Biomimicry San Diego offers a number of hands-on biomimicry experiential learning experiences designed for children and adults alike. The goal of these educational programs is to re-connect the San Diego community with nature, teaching participants how to learn from our local critters and how to apply nature's genius to human design challenges. Biomimicry San Diego team is dedicated to teaching and supporting biomimicry education throughout the region. 

School Field Trip - Guided Nature Walks

Biomimicry San Diego facilitates a number of guided nature walks year around in San Diego County. Each experience involves a local naturalist and certified professional biomimicry experts and a group of "nature learners". The walks are scheduled on Saturdays and Sundays; featuring the following locations: Torrey Pine State Natural Reserve, Los Penasquitos Canyon Reserve, Cuyamaca State Park,  and Mission Trails Regional Park Foundation.

Nature guided walks lead participants to natural attractions where wildlife and scenic locations are the focus of the tour. These guides are experts in the natural sciences, biomimicry and have the ability to engage participants with their knowledge of biology, geology, and the history of the location. The goal of the biomimicry guided nature walk is to lead a small group of individuals to an often protected but scenic natural area while having little or no impact on the environment. Participants are offered insight on the environmental impact of human actions as guides attempt to foster a general appreciation of the natural habitat.

What  you  will  learn  in our outside activities:  

- Biomimicry  Thinking

- Functional  Biology  

- Hand-on  learning  activities

- How  to  observe  nature  

- Learn  from  the  local  champions  adapters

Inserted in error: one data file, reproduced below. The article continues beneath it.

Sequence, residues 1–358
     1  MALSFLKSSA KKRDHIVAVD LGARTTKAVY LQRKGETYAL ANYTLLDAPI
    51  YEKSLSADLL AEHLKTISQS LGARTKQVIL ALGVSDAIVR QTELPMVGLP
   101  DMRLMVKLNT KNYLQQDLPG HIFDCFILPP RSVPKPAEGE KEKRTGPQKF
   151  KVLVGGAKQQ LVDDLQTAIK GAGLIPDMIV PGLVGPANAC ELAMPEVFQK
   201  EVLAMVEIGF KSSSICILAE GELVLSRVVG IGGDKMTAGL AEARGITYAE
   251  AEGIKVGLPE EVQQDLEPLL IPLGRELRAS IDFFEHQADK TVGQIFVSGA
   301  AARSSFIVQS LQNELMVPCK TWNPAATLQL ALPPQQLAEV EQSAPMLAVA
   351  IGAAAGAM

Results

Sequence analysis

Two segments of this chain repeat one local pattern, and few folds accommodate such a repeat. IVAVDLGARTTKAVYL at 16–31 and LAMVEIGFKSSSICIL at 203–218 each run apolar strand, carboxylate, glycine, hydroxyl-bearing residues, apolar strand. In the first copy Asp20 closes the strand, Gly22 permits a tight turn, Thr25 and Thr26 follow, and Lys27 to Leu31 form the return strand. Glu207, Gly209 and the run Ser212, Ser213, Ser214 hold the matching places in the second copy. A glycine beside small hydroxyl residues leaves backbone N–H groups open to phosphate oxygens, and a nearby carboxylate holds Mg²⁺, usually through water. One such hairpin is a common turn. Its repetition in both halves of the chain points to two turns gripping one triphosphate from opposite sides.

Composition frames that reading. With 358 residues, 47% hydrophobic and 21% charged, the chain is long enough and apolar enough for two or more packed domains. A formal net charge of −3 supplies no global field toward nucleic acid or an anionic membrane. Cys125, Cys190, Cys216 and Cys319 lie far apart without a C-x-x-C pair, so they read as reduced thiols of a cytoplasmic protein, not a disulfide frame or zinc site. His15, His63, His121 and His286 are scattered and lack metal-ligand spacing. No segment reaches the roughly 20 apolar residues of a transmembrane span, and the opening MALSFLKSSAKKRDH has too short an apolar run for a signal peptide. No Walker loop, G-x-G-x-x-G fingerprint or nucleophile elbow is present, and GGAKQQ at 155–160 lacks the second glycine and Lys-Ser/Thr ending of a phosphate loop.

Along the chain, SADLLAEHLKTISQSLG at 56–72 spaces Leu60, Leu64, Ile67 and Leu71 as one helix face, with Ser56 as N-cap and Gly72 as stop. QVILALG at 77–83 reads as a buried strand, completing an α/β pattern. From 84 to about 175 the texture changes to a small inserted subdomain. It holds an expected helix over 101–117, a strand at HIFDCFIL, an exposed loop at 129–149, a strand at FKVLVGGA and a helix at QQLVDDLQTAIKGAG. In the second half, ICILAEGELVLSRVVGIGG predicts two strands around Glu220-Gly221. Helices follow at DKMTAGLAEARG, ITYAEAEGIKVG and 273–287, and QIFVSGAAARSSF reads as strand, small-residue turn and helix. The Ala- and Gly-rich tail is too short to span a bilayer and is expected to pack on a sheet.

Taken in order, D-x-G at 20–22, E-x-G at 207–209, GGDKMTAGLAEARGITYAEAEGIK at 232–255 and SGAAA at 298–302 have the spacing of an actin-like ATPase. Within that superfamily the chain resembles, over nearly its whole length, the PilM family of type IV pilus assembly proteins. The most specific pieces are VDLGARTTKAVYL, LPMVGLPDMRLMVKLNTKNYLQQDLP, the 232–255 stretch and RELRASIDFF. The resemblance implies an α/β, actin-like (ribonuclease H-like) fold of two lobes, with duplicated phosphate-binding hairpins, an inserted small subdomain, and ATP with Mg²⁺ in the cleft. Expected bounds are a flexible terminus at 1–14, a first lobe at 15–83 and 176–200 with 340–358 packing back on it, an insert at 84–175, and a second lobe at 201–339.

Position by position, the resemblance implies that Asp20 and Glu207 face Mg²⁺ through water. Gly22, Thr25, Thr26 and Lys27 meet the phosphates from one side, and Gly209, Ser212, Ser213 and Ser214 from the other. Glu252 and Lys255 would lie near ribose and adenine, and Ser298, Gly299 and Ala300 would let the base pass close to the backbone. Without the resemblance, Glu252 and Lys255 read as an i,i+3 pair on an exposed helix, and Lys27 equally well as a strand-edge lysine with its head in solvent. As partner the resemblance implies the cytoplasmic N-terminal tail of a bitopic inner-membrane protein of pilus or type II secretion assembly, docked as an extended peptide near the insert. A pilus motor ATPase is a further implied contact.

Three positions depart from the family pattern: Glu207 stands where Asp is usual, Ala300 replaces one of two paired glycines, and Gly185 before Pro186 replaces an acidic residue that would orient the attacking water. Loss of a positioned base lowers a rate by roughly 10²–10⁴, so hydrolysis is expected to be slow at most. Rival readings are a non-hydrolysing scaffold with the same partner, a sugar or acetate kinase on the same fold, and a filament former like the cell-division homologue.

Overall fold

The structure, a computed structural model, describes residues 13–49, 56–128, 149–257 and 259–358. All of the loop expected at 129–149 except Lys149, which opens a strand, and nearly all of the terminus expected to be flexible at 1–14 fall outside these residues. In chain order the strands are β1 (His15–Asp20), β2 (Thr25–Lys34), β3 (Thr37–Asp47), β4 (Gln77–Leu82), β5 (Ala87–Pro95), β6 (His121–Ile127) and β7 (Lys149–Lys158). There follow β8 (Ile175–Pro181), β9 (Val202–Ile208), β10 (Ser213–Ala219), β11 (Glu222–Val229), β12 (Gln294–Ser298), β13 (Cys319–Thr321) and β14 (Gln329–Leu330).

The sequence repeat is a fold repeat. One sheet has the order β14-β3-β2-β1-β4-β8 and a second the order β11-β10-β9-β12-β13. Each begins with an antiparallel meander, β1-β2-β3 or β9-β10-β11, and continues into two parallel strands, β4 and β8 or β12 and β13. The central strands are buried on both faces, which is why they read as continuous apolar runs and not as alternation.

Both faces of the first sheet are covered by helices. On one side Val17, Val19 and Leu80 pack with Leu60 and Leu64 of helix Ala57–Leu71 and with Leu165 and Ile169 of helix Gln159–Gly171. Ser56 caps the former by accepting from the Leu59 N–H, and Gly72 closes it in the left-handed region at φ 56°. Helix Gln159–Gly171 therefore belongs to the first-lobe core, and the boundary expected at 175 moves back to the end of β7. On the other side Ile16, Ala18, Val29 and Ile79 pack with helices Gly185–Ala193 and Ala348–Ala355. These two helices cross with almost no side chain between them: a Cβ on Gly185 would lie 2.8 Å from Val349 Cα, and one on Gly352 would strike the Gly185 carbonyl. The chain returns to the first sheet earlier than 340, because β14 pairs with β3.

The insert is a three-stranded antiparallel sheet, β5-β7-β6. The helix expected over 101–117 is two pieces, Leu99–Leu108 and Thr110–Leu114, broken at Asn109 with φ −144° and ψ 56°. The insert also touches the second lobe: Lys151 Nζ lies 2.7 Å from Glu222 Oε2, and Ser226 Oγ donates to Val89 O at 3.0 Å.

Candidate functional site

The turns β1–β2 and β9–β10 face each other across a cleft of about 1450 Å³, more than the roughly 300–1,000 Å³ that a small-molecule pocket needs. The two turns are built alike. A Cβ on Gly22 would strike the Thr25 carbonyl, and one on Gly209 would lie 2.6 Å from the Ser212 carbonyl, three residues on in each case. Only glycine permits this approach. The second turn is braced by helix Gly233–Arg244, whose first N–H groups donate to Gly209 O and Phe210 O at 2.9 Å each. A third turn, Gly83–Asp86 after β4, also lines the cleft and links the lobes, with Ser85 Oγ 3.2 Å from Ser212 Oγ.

Local Habitat Immersion

San Diego County is comprised of many unique regional ecosystems that are very rich in biodiversity. In fact, San Diego has more biodiversity than any other county in North America, and along with the rest of California, is among the top ten biodiversity regions on Earth. The mild, Mediterranean climate (hot dry summers and cool, wet winters) and varied landforms create a number of distinct habitats, including: beaches; salt marshes and lagoons; coastal sage scrub; grasslands; chaparral; oak woodlands; mixed conifer forests; freshwater marshes and meadows; and desert. Scientists describe the region as a conservation hotspot due to large variety of threatened and endangered endemic species that live here. 

In this educational session participants will be immersed on how to deeply understand local habitats and learn from these unique species. They will learn how to observe and identify local champion adapters, and understand unique adaptability and survival strategies. The educational sessions are scheduled on Saturdays or Sundays. 

Fundamentals of Biomimicry - Introductory Workshop

The Fundamentals of Biomimicry workshop provides an introduction to biomimicry thinking. Innovative entrepreneurs who wish to make sustainability an integral part of their work need inspiring examples of how it can be done. This course engages participants in how we can learn from natural processes to create products and services that are models of resource efficiency and beauty. Participants will explore the principles of biomimicry in depth and look at a number of architectural and engineering applications that have used this discipline to achieve radical improvements in resource efficiency.